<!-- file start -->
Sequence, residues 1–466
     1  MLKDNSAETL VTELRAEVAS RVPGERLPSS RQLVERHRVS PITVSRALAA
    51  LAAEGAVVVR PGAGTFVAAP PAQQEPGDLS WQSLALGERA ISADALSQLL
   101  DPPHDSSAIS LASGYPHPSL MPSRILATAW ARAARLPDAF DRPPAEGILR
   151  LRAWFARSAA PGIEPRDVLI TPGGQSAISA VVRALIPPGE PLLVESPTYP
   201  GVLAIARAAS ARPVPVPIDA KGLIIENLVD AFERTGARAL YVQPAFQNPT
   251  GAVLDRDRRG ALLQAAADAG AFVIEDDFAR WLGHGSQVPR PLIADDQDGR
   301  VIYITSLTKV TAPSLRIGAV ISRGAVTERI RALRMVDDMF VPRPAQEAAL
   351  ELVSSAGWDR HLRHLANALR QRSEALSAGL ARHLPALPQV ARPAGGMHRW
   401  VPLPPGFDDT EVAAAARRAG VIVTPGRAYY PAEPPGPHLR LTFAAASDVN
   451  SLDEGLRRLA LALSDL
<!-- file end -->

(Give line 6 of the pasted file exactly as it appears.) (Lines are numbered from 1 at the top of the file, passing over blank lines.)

   201  GVLAIARAAS ARPVPVPIDA KGLIIENLVD AFERTGARAL YVQPAFQNPT